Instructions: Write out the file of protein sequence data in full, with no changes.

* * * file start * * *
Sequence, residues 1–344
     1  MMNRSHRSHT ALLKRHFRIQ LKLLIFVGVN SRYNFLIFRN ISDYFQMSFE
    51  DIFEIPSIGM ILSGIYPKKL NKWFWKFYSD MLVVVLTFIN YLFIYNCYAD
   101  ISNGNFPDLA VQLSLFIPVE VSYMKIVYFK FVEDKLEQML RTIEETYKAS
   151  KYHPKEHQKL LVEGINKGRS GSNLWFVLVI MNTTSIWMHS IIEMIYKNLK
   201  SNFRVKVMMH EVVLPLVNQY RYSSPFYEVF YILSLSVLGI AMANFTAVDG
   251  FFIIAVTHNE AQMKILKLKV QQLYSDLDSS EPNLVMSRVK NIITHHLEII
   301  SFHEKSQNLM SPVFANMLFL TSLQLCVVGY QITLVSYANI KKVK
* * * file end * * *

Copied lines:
Sequence, residues 1–344
     1  MMNRSHRSHT ALLKRHFRIQ LKLLIFVGVN SRYNFLIFRN ISDYFQMSFE
    51  DIFEIPSIGM ILSGIYPKKL NKWFWKFYSD MLVVVLTFIN YLFIYNCYAD
   101  ISNGNFPDLA VQLSLFIPVE VSYMKIVYFK FVEDKLEQML RTIEETYKAS
   151  KYHPKEHQKL LVEGINKGRS GSNLWFVLVI MNTTSIWMHS IIEMIYKNLK
   201  SNFRVKVMMH EVVLPLVNQY RYSSPFYEVF YILSLSVLGI AMANFTAVDG
   251  FFIIAVTHNE AQMKILKLKV QQLYSDLDSS EPNLVMSRVK NIITHHLEII
   301  SFHEKSQNLM SPVFANMLFL TSLQLCVVGY QITLVSYANI KKVK